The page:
Patients admitted with atrial fibrillation (AF) on weekends had lower odds of undergoing a cardioversion procedure and greater odds of dying, according to a study published July 15 in the American Journal of Cardiology.
The outcome for conditions such as acute MI is “relatively poor” when patients are hospitalized over a weekend versus a weekday, according to the study authors, who suggested that “a likely contributing factor” is the limited number of hospital staff and availability of in-house expertise for invasive coronary procedures on the weekends. However, data on the “weekend effect” for AF-related hospitalizations and their outcomes are not available.
Because AF is the most common sustained cardiac rhythm disturbance, they pointed out, even a small difference in mortality between the weekday and weekend admissions of patients would result in a substantial number of increased deaths in the population by virtue of its high incidence.
Thus, Abhishek Deshmukh, MD, of the University of Arkansas for Medical Sciences and Central Arkansas Veterans Healthcare System in Little Rock, and colleagues investigated the differences in outcomes for AF-related hospitalization on the weekend versus weekdays using the Nationwide Inpatient Sample (NIS) for 2008, which is the largest all-payer database of hospital inpatient stays in the U.S. The 2008 NIS contains discharge data from 1,044 hospitals located in 40 states, approximating a 20 percent stratified sample of U.S. community hospitals.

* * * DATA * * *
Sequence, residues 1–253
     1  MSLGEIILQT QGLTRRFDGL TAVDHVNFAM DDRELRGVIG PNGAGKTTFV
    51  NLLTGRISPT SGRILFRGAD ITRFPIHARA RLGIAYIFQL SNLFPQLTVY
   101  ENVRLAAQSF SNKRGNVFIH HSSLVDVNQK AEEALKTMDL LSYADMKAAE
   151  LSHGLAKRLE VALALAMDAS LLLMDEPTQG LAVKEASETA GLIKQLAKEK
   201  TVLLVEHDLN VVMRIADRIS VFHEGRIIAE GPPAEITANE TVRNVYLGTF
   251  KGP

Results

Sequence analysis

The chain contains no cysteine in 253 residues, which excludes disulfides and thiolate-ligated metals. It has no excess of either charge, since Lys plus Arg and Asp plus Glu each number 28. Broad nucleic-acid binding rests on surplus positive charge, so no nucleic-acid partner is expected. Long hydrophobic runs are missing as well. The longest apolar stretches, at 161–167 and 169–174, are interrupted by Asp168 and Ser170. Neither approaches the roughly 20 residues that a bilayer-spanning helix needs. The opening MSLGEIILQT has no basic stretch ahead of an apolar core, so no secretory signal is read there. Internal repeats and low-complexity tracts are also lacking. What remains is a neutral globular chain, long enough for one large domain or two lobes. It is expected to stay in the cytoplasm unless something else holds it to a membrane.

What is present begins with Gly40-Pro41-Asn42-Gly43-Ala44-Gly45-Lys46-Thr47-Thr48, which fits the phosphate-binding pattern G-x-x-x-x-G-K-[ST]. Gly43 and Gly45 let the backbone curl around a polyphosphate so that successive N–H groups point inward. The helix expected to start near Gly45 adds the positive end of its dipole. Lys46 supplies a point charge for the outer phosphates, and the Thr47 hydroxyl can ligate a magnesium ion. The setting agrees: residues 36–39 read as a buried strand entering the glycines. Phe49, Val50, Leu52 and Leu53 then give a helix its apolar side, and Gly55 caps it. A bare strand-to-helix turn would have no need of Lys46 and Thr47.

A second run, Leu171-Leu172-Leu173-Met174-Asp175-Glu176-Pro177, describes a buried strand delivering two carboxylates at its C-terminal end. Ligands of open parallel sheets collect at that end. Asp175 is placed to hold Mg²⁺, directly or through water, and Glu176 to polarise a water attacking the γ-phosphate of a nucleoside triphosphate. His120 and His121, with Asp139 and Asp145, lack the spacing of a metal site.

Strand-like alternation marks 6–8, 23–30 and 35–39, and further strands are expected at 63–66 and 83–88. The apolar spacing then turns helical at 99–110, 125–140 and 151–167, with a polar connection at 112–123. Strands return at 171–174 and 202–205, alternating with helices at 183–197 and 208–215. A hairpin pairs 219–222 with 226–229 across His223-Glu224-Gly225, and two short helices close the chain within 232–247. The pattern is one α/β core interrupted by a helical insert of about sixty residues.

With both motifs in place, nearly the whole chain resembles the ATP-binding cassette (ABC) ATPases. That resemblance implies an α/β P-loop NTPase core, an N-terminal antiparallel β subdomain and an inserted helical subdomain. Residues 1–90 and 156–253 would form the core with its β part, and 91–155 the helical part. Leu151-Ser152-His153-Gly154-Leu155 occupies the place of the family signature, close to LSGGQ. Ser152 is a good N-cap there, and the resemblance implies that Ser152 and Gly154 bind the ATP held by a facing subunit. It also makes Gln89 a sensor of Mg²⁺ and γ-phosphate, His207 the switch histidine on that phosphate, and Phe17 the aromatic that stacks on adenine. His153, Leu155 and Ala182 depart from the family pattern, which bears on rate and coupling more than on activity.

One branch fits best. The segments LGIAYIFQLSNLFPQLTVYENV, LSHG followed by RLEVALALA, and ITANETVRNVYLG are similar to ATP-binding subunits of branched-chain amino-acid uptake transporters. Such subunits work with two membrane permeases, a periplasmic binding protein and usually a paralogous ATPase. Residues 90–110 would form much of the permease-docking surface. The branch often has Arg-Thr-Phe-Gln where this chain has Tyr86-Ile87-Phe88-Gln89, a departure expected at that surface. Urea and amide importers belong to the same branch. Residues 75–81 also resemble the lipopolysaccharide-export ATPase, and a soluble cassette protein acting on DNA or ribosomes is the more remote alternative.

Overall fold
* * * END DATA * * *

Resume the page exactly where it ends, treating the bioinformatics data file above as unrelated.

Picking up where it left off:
In the database from 2008, the researchers identified a total of 86,497 discharges with a primary discharge diagnosis of AF. The use of a cardioversion procedure for AF on weekends was lower than that on a weekday (7.9 vs. 16.2 percent). After adjusting for patient and hospital characteristics and disease severity, the adjusted in-hospital mortality odds were greater for weekend admissions.
They also found temporal changes in the length of stay, number of procedures and interval to procedure time. More specifically, patients admitted on weekends were less likely to undergo cardioversion than those admitted on weekdays. Also, the interval between admission and performance of procedures was longer for patients admitted on weekends. The authors suggested that these temporal findings may explain the increased mortality among weekend admission patients hospitalized with AF.
Deshmukh et al said that one possible reason for such a “weekend effect” could be differences in staffing. During weekends, hospital staffing is reduced in overall quantity and in the number qualified to perform certain procedures (Med Care 1998;36:1626 -1638).
In their conclusion, the study authors suggested that an organized systems-based model, as undertaken with stroke, could have a similar effect on weekend AF care, and could possibly facilitate bringing down the weekend effect on mortality and length of hospital stay among patients with AF.